2020 marks the start of not only a new year but an entirely new decade. In terms of financial empowerment for women is an opportunity to make big strides in our effort to address larger societal issues such as equality and justice, reproductive rights, poverty and domestic issues as financial abuse, as well as income security and retirement. It is estimated that 46% of women are “not too confident” or “not at all confident” about their ability to live comfortably after retirement, compared with only 31% of men who feel that way.

After my husband died unexpectedly, leaving me a 31-year-old widow to two small children, I realized that all women need to have a firm financial identity.  I also found my voice in raising awareness about women’s financial empowerment as well as the importance of gender equality, diversity and financial inclusion. Women’s rights have become my passion and I realize that globally, we can’t fully achieve  holistically wealthy communities if women don’t have access to the same opportunities to thrive and be successful.

One common thread that runs through most of the #Metoo stories is the need for women to be financially empowered so that they can feel empowered to say “no” to any situation that will cause harm. Saying no to requests that are out of scope with your vision or mission in life or could endanger your physical, mental, or even your financial health is important. As I state in my new book Holistic Wealth: 32 Life Lessons To Help You Find Purpose, Prosperity, and Happiness: “The word no is like an asset in a metaphorical bank account where our life’s energy is the holding. Use it to save, and use it to earn a greater sense of yourself, what’s important to you, and where you want to spend your time and energy“.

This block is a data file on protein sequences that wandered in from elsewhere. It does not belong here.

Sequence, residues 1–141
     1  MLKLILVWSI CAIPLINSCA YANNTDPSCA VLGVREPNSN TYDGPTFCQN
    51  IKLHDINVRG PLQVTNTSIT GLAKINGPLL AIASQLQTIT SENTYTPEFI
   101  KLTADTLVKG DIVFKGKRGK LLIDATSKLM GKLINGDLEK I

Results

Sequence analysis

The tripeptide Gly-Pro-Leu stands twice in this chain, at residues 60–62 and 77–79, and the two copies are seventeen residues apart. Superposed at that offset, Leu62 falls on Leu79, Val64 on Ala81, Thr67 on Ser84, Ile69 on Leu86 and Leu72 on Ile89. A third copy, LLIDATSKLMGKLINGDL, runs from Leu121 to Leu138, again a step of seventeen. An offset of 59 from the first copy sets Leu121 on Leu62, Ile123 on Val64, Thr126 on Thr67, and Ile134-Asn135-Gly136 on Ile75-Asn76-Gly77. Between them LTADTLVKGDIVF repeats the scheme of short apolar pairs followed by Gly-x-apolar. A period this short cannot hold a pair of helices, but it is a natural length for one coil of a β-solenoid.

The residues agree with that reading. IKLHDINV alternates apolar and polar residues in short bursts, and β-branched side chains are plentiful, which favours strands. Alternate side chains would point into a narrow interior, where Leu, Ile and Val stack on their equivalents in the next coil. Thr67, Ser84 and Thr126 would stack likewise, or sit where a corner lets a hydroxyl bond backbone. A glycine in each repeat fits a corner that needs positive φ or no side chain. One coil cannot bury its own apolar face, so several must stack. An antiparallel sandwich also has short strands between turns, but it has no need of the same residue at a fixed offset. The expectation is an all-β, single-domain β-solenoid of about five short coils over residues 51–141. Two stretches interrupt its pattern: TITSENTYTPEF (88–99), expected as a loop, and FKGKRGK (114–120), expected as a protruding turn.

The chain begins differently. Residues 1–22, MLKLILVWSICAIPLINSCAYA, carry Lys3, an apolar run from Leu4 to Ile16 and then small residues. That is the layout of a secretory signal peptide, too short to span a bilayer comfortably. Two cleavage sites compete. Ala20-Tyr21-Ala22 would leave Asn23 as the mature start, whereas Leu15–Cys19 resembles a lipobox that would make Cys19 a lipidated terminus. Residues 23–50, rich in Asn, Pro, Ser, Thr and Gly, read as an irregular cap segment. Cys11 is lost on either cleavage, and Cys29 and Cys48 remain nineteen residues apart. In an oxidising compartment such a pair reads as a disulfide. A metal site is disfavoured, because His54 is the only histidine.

Indeed, financial empowerment is the new feminism, and this is why I’m claiming 2020 as the year of holistic wealth. In my new book Holistic Wealth: 32 Life Lessons To Help You Find Purpose, Prosperity, and Happiness, I outline several strategies that can help women to achieve financial wellness.

Embrace the Holistic Wealth Method
The “Holistic Wealth Method” is a framework I developed for assessing your actions and decisions. In applying the Holistic Wealth Method ask yourself: Will this decision be a withdrawal from or a deposit to my holistic wealth bank account? Approaching life with a holistic wealth mindset means approaching life mindfully and with the realization that each decision and each action represents a withdrawal from or deposit to that holistic wealth bank account. Repeated withdrawals from the holistic wealth bank account will lead to bankruptcy.

Similarly, there are some actions that act like compound interest in a holistic wealth bank account, like listening to your intuition and lifelong learning—the benefits of these actions multiply over time in many different areas of your life. The Holistic Wealth Method can be applied in everyday situations regarding a range of daily decisions. For example, in assessing if a decision will add to your holistic wealth bank account, think about the vision of your life going forward and what you truly want for yourself. If you have toxic relationships that lead to financial abuse, then ask yourself if keeping these relationships is a deposit into or a withdrawal from that bank account. Likewise, in thinking about your current spending habits, daily eating regimen and the amount of time you spend on social media, examine how these actions add to (or take from) your overall holistic wealth.